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Fairey Barracuda III, Ballyell, Wexford, June 1945

In the month following the end of hostilities in Europe, air activity continued around Ireland unabated, though combat missions were no longer being flown. On Wednesday, 27th of June 1945, locals from near the small village of Tagoat in Wexford were treated to the spectacle of the landing in one of their fields of a military aircraft. Local Farmer John Murphy who lived in the townland of Ballyell, received the unexpected visitor in the shape of a single engine Royal Navy torpedo bomber. The aircraft carried a crew of three men and early on the scene were the local Gardai, who guarded the aircraft and crew until a military party arrived soem time later. The captain of the aircraft explained that he had been flying from the Isle of Man on a training missions only to discover fumes in the cockpit about an hour into the flight. The aircraft had suffered a leak in the hydraulic system and the pilot deemed it necessary to make for the nearest land as soon as possible. Roy Grummitt brought his Barracuda in for landing at 14:40 that afternoon.

The crew were met my members of the local Garda, the Irish police force and they stayed with the crew until a party of the Irish Army arrived from Bawnjames Military Post located at Bawnjames House estate. The crew of three reported their problems to the officers of the party and were taken to Bawnjames for the night where they were accommodated. The technical problems were reported back to the Irish Air Corps and the following afternoon, three personnel from Baldonnel arrived to carry out repairs to the aircraft. While repairs were made, a long stretch of the hedge on the field was cleared to provide access for the aircraft to an adjacent field. The three British airmen were accommodated a second night locally, this time in a hotel in Rosslare town. Finally at non the following day following repairs and and the hedge clearance, the aircraft was able to take off again. The three men were no home and dry just yet because the weather conditions worsened during the day and they again had to divert this time to Baldonnel aerodrome, headquarters of the Irish Air Corps. Their stay was short however as they were able to depart and return to the Isle of Man some three hours later.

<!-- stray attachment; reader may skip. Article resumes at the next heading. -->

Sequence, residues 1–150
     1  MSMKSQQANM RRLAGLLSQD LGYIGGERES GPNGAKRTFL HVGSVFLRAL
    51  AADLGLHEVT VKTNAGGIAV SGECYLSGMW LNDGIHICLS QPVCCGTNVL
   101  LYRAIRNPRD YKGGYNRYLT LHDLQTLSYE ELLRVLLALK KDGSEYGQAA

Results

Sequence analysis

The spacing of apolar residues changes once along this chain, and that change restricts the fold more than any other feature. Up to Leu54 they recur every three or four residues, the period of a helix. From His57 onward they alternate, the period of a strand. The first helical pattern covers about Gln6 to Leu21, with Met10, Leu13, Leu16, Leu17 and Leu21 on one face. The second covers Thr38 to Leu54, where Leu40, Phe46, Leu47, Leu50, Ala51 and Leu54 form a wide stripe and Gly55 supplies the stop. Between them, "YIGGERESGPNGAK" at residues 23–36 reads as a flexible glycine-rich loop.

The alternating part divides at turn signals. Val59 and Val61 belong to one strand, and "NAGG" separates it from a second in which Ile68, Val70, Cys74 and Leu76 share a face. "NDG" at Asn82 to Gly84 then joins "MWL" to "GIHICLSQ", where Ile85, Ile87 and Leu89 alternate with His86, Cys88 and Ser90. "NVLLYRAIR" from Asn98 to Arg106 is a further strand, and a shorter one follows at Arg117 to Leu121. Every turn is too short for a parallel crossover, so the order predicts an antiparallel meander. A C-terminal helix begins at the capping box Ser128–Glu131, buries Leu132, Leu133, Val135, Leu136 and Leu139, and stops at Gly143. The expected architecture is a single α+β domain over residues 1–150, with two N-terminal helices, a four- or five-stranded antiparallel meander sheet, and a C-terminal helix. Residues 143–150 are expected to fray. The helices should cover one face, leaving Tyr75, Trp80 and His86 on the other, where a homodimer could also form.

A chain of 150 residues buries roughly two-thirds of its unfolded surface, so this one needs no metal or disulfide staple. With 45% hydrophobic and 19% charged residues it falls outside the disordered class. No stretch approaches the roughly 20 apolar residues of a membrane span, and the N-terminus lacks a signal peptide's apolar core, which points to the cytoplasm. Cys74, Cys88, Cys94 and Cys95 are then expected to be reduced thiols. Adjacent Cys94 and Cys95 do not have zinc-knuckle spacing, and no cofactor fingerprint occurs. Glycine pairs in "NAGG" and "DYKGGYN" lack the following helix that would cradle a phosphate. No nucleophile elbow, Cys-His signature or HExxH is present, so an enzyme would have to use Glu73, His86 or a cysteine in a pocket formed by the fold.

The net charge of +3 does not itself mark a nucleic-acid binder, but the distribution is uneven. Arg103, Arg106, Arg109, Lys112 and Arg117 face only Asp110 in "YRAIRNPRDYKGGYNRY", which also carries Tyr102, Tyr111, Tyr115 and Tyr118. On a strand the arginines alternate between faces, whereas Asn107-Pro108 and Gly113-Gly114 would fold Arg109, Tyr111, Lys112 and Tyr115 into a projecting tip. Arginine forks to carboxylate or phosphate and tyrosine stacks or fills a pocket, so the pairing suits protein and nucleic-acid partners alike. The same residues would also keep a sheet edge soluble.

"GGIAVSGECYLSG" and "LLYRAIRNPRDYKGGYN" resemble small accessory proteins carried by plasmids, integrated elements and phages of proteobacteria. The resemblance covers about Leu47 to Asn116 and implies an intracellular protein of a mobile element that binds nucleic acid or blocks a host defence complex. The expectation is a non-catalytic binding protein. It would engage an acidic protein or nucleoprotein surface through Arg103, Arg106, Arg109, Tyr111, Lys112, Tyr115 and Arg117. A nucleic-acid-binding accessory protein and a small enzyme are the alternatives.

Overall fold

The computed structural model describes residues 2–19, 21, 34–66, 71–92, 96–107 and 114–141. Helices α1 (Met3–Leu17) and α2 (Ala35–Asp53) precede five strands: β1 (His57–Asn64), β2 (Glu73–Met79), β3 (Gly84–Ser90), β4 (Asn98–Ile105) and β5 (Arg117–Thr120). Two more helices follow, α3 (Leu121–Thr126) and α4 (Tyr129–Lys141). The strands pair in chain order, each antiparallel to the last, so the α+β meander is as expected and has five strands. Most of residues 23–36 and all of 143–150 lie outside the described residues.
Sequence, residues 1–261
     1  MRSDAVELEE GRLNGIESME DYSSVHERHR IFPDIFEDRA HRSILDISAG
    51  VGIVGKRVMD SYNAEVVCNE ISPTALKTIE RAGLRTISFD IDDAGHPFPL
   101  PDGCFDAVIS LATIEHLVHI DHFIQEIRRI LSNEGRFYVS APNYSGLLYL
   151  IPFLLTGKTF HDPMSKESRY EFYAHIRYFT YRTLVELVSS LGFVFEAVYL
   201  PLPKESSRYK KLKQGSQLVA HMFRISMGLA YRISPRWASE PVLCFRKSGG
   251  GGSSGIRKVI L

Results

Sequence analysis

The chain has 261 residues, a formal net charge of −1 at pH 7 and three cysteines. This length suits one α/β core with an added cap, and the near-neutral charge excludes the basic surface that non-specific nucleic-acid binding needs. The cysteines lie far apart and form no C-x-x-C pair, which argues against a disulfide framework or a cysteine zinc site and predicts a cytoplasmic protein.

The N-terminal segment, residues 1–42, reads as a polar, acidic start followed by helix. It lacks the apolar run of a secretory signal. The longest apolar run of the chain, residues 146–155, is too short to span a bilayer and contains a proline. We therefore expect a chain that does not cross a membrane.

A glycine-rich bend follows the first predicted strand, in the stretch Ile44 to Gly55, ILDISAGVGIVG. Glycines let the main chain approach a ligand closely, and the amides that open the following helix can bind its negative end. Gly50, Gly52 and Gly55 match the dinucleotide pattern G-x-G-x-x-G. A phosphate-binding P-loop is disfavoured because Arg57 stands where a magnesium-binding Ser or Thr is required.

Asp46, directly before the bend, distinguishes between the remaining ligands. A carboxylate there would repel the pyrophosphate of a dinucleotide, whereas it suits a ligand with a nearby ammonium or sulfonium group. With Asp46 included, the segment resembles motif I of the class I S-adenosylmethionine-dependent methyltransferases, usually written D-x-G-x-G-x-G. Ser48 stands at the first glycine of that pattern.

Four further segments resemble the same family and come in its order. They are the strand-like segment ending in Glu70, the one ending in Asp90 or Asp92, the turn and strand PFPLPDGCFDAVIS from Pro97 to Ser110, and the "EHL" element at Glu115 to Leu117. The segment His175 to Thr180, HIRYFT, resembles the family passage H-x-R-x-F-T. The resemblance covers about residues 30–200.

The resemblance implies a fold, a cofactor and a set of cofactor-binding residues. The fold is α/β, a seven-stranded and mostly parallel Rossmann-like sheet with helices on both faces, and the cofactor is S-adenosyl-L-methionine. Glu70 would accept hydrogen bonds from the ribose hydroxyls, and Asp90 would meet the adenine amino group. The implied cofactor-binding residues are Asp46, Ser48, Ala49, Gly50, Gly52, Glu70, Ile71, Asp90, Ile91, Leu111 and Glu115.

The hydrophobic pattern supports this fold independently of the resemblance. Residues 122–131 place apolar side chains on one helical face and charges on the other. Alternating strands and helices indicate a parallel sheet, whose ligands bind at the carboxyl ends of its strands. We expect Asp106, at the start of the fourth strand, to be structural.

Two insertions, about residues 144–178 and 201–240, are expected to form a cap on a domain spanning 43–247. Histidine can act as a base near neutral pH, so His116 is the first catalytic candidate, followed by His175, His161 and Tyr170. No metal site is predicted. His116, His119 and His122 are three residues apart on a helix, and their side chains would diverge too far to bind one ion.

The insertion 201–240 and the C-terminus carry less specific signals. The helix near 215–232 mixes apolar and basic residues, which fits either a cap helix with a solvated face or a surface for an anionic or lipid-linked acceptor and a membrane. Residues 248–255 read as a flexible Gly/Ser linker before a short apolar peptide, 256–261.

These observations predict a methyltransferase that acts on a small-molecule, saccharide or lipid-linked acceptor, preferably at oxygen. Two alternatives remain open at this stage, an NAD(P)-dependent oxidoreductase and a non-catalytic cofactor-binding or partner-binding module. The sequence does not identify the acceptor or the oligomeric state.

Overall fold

S/Lt (A) Roy David Grummitt, Pilot Mids Gordon Campbell King, Observer (Navigator) TAG George Goldsmith, Telegraphist/Air Gunner (TAG)

The aircraft was identified as a Barracuda torpedo bomber, serial number MD897. Ray Sturivant in his book, Fleet Air Arm Aircraft 1939-1945 records the details of the specific aircraft's history as follows, taken from Royal Navy, Fleet Air Arm records:
One of 300 Barracuda III built by Boulton Paul at Wolverhampton.
Made ready for Collection, 27 Sep 1944. Assigned to 710/713/747 Sqns Ronaldsway October 1944 (issued unit code R5D) Precautionary landing , hydraulic leak in cockpit, u/c damaged, Ballyell, nr Broadway, Co. Wexford, Eire 27 June 1945.

The aircraft was seen by hundreds of local people and the daughter of the land owner, Una Murphy was able to take the following photos of the aircraft, clearly showing its fuselage markings of R5D. Also evident is the radar antennae mounted under the rear fuselage.